Gehry’s Ghastly Eisenhower Memorial
An aesthetic and historical travesty

Model of Frank Gehry’s Dwight D. Eisenhower Memorial


George Weigel

It is not only history and aesthetics that are travestied in this fiasco. The Gehry design was chosen in a closed competition, which itself suggests that the fix was in for Frank Gehry from the beginning. Having seen his design for a new wing of the Corcoran Gallery of Art go unrealized, Gehry and his acolytes at the General Services Administration now seem determined to get a Gehry into monumental Washington, even if, in the process, they distort history with another postmodernist confection that speaks to no one outside their small, gnostic sect. Yet if the National Capital Planning Commission gives a favorable review to the Gehry design in February, the Eisenhower Memorial Commission may well seek to break ground immediately in order to create a fait accompli.

Congress will have a lot on its plate in the first weeks of 2012. But it should move quickly to stop the current Eisenhower Memorial process and order an inquiry into precisely how and why a design that says nothing about the great achievements of the man being memorialized was approved. And when the answer becomes clear — that this was a closed, opaque process unbefitting a democracy intent on honoring one of those who helped save democracy in an hour of peril — Congress should order the present design scrapped in favor of an open process of design competition and selection, like those that produced the World War II and Vietnam Veterans Memorials. Moreover, Congress should ensure that that process is not dominated by those determined to impose a postmodernist architectural vocabulary, irrespective of its distortion of history, on monumental Washington. Meanwhile, Congress would do well to put a hold on the funding for the Eisenhower Commission that was hastily approved as part of an end-of-the-year omnibus spending bill.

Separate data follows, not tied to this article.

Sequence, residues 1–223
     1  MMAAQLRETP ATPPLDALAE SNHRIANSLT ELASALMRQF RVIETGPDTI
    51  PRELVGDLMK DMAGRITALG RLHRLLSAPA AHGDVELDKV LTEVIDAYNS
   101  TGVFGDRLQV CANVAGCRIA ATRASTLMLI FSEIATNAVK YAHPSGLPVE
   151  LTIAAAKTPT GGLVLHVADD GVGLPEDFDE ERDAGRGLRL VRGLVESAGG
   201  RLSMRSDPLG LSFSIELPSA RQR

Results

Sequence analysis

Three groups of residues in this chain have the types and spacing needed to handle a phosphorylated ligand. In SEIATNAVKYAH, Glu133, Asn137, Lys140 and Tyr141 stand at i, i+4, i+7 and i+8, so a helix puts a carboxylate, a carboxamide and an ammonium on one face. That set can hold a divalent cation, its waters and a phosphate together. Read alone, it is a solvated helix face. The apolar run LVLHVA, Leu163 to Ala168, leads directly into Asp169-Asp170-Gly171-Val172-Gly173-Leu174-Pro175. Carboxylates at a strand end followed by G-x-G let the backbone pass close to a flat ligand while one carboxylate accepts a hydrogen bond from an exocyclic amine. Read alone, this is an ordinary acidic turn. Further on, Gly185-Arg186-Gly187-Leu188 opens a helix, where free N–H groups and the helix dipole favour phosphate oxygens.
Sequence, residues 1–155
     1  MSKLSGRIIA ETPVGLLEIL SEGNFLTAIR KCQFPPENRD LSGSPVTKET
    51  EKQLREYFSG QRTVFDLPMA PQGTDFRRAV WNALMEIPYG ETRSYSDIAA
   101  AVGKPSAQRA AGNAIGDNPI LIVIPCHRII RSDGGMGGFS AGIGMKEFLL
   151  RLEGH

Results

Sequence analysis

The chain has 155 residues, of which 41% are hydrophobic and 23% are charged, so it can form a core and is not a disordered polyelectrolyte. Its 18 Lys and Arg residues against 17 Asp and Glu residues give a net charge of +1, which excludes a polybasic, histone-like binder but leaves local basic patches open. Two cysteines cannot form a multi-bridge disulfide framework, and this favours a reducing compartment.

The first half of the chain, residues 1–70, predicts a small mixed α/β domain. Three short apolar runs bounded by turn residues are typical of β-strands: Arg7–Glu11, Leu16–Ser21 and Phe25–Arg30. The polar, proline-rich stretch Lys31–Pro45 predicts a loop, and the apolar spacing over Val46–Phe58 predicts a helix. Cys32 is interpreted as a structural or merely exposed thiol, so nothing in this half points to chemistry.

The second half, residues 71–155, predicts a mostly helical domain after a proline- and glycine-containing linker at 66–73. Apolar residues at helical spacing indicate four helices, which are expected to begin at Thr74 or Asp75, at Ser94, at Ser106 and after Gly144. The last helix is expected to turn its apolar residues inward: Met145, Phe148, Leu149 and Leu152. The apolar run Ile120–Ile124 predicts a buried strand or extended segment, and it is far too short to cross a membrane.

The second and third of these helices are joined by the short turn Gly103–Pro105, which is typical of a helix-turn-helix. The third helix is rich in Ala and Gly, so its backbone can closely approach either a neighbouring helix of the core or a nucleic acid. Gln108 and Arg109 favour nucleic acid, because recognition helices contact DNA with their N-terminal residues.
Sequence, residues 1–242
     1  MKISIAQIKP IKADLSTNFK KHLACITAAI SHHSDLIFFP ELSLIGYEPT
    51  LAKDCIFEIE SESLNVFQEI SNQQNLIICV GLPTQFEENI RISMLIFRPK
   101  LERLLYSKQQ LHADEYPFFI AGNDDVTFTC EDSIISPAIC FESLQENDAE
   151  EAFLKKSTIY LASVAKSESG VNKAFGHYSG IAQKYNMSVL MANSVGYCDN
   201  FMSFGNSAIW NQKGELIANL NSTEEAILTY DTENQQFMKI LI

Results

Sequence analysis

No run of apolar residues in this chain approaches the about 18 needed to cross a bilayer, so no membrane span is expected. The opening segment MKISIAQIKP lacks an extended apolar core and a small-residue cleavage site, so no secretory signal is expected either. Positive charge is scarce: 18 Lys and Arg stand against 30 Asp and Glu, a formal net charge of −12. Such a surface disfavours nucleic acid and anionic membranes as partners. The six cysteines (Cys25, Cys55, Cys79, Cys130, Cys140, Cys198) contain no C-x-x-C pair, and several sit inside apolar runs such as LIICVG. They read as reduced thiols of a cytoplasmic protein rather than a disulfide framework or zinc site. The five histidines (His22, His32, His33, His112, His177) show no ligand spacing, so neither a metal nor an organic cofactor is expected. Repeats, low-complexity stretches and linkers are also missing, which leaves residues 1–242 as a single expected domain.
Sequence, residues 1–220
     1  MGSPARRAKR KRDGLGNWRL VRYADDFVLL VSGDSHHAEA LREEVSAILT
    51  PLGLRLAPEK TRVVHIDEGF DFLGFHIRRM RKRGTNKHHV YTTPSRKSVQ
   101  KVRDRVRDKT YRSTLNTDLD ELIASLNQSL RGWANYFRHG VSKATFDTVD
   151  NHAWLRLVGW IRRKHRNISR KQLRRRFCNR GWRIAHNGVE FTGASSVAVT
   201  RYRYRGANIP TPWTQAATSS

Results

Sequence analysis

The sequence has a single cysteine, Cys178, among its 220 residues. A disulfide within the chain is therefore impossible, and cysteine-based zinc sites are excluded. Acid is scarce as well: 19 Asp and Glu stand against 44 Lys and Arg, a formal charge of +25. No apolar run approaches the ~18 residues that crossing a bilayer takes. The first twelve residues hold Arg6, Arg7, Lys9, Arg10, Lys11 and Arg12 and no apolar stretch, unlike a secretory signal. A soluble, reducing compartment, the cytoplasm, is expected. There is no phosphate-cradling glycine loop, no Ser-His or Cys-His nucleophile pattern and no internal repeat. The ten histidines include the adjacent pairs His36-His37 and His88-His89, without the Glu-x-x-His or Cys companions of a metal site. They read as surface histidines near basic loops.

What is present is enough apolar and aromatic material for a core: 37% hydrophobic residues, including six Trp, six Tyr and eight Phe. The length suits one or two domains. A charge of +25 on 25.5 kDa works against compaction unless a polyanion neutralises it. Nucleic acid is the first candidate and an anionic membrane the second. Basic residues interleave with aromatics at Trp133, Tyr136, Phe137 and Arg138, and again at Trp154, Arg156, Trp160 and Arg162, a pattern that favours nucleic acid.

The memory of Dwight David Eisenhower deserves better than the travesty that has, to date, steamrollered through the federal bureaucracy. So does the country Eisenhower served so well, and the city where he lived as both soldier and statesman.     

George Weigel is distinguished senior fellow of Washington’s Ethics and Public Policy Center and is an adviser to the National Civic Art Society. The Society’s comprehensive critique of the Gehry design for the Eisenhower Memorial and the closed competition that led to its being chosen is available at